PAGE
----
Archive Notice - OSHA Archive

NOTICE: This is an OSHA Archive Document, and may no longer represent OSHA Policy. It is presented here as historical content, for research and review purposes only.

OSHA requirements are set by statute, standards and regulations. Our interpretation letters explain these requirements and how they apply to particular circumstances, but they cannot create additional employer obligations. This letter constitutes OSHA's interpretation of the requirements discussed. Note that our enforcement guidance may be affected by changes to OSHA rules. Also, from time to time we update our guidance in response to new information. To keep apprised of such developments, you can consult OSHA's website at

February 16, 1984

Mr. Joseph P. Stanton
Iovine & Woods, P.C.
Suite 200
7908 Frankford Avenue
Philadelphia, PA 19136

Dear Mr. Stanton:

This is in response to your letter of December 21, 1983, regarding skylights as regulated by the Occupational Safety and Health Administration (OSHA). This response provides an interpretation and clarification of the General Industry Standard 29 CFR 1910.23(a)(4) and 1910.23(e)(8).

These regulations are included in 29 CFR 1910, Subpart D—Walking-Working Surfaces. 29 CFR 1910.21(a)(1) of the same Subpart defines floor opening as: An opening measuring 12 inches or more in its least dimension, in any floor, platform, pavement, or yard through which persons may fall, such as a hatchway, stair or ladder opening, pit, or large manhole.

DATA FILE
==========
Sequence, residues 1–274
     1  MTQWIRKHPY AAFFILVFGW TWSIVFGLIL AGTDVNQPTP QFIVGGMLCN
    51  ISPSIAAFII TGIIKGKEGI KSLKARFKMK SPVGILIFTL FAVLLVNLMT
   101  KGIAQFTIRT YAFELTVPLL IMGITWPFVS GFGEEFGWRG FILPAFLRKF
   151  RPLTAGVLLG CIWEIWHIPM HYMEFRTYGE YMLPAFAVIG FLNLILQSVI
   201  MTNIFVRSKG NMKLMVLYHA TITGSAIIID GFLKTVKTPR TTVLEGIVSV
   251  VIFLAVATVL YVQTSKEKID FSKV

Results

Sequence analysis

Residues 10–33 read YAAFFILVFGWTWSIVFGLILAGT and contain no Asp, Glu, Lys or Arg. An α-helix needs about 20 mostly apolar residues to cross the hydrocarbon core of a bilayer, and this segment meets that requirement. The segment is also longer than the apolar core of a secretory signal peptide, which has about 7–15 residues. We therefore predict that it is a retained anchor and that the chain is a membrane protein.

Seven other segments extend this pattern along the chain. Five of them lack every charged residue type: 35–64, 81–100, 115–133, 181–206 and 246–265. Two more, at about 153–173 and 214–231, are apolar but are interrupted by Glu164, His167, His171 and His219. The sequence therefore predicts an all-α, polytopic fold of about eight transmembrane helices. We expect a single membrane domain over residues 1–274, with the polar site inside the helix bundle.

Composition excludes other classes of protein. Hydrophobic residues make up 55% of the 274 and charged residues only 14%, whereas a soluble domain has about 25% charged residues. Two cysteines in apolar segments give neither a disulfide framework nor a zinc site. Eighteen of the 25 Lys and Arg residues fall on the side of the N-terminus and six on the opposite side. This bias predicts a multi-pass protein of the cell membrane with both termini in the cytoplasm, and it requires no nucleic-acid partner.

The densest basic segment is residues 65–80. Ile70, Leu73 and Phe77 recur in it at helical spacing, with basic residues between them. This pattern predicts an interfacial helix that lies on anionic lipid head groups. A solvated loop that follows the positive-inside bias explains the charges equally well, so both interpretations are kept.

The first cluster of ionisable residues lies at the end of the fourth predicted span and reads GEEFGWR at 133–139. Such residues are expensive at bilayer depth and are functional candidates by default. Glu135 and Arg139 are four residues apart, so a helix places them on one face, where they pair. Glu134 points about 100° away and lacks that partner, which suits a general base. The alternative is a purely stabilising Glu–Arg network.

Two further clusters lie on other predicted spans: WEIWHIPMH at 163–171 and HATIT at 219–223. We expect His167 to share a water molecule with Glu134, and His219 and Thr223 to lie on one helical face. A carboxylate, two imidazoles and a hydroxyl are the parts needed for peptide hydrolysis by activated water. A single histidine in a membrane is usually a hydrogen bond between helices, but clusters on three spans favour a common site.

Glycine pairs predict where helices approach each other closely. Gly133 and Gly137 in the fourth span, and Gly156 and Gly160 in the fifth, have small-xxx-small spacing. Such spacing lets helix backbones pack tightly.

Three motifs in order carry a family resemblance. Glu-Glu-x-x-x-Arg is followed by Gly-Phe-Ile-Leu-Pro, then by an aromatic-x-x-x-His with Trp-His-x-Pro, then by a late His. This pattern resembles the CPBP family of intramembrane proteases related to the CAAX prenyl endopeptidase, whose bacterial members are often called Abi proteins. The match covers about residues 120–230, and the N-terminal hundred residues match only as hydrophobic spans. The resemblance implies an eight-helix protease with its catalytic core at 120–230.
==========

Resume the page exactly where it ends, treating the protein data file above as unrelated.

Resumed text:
Moreover, a definition given in Webster's New Collegiate Dictionary (1977 edition) for "hatch" is "an opening in the...floor or roof of a building;" the same entry gives "hatchway" as a synonym.

Using these definitions, therefore, OSHA concludes that a skylight should be regarded as a hatchway, i.e., an opening in the roof of a building through which persons may fall. 29 CFR 1910.23(a)(4), therefore, requires that skylights in the roof of buildings through which persons may fall while walking or working shall be guarded by a standard skylight screen or a fixed standard railing on all exposed sides.

When a skylight screen is selected for safeguarding the opening, and in the event the skylight is constructed of plastic material subject to fracture (as glass would be), then the skylight must at a minimum be provided with a skylight screen capable of withstanding a load of at least 200 pounds applied perpendicularly at any one area on the screen. On the other hand, a plastic skylight which can provide the necessary structural integrity to support the 200-pound load would not be required to be further safeguarded, since it would meet the intended function of a screen as well.

As expressed in 29 CFR 1910.23(e)(8), the primary function of the screen is to support at least a 200-pound load such as a person may place upon it. This provision further relates that the screen shall provide a minimum deflection so as not to break the glass; but that portion of the requirement may be inapplicable when no glass is present. (The concern for breaking the glass results from the possible fragment exposure to persons beneath the skylight.)

We hope this information is helpful to you. If we may be of further assistance, please contact us.



John B. Miles, Jr., Director
Directorate of Field Operations

[Corrected 8/14/2007]